Me: You, me, and everyone else. But we will be nice, I promise.

Later that afternoon, I went up to start making the hamburger patties for dinner. When I got there, Boyfriend had made them and put big hunks of onion in them. About half the people with us hate onions and won't eat them. I told him that. He said "They'll be okay" and he walked outside. I started to load the dishwasher to take my mind of the fact that I really wanted to rip out his jugular. I reached into the bottom rack and was stabbed in the finger by the tip of a knife. Boyfriend obviously doesn't understand dishwasher etiquette and now I was bleeding! I couldn't help it. I started to cry. How embarrassing. I couldn't stop. So the conversation went something like this:

Robin and my Daughter: Oh my gosh, what's wrong? Are you hurt?
Me: No. Nothing's wrong. Nothing! NOTHING!
Robin and Daughter: Tell me!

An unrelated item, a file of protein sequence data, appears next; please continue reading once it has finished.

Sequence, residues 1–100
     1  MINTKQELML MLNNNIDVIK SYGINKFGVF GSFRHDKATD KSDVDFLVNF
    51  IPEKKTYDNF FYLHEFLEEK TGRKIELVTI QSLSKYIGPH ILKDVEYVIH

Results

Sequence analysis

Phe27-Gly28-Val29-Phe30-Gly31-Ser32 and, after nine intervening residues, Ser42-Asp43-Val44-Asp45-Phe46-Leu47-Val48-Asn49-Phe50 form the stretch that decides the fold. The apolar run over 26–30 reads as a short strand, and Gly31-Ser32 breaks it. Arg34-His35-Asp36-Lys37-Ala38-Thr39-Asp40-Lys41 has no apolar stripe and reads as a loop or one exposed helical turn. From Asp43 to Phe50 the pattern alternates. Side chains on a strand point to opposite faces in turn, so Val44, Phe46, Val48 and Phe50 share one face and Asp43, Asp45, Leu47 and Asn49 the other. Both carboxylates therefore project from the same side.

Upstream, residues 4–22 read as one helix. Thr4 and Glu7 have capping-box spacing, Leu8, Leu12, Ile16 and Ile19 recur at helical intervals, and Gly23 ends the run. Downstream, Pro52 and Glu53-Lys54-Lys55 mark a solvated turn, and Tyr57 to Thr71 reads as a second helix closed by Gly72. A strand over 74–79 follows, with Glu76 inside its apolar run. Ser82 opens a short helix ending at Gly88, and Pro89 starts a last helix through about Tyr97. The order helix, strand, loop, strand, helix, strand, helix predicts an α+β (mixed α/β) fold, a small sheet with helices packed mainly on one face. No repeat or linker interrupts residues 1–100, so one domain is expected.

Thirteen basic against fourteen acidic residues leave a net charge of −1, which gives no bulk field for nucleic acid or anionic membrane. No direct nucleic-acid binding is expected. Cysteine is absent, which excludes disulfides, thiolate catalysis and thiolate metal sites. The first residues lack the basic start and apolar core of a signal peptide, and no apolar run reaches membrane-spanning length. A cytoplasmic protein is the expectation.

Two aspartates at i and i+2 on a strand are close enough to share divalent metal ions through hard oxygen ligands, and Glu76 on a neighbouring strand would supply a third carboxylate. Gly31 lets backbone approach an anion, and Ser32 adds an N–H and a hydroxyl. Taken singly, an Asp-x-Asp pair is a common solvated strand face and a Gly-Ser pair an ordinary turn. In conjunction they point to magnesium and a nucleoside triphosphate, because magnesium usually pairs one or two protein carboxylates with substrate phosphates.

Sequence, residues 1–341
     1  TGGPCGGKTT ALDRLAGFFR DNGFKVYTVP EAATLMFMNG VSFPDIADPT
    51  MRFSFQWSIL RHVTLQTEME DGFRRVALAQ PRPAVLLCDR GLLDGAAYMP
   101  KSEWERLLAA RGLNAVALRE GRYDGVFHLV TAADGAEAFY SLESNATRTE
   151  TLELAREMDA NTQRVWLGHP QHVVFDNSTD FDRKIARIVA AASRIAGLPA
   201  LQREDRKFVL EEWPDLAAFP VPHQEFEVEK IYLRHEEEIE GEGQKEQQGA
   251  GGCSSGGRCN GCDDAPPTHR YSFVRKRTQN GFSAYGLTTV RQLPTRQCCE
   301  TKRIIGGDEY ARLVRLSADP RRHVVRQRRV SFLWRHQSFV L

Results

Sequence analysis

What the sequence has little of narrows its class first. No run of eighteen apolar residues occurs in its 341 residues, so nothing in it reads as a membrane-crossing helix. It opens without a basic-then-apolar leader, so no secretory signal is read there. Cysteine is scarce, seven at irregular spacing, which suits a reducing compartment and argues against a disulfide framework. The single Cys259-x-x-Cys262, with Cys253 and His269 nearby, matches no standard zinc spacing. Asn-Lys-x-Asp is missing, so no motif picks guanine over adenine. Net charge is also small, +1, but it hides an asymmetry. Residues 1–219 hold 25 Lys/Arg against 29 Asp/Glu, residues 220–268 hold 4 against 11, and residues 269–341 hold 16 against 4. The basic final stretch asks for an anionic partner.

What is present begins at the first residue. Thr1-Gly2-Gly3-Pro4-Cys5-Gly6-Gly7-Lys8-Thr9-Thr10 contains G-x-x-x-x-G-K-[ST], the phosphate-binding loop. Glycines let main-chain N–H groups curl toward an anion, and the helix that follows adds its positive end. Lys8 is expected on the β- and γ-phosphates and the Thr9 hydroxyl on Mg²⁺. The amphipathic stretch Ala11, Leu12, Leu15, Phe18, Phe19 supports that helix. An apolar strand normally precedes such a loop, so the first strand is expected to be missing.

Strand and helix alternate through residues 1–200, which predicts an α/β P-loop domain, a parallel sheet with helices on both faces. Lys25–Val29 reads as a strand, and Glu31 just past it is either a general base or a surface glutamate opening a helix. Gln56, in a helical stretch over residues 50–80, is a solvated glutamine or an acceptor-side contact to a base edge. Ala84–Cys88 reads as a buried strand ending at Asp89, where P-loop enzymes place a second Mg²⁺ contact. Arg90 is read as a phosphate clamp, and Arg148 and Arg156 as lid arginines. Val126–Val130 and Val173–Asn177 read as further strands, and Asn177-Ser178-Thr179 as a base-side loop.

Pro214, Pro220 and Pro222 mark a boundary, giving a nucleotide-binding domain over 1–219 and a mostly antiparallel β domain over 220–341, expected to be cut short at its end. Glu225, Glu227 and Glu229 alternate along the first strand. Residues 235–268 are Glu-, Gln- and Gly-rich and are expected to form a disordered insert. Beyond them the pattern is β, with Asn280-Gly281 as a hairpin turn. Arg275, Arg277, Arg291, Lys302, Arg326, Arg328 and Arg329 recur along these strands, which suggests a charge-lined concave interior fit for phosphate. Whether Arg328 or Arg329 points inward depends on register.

Me: NO! Somebody make me a drink. With . . . THIS . . . much rum and . . . this . . . much diet coke.

After that, I just stayed away from him. I tried to remember what he was going through. Everyone was having a good time despite the sand fleas/yellow biting flies, the long walk to the beach, the canopy disaster, the 100 degree heat, and Boyfriend's obstinance. So I had a good time too. But the girls made a decision. This is how the conversation went:

Me: I miss the girl's weekends.
Robin and Daughter: We do too.
Me: I don't want to give up these weeks with the whole family and friends but it doesn't have the magic that the girl's weekends did. So why can't we do the girl's weekends too?
It would be cheaper and less stressful.
Robin and Daughter: We could. We could do a 4 day weekend, just the girls, in addition to the week in the summer with everyone.

So that's what we will do. That was my favorite conversation all week.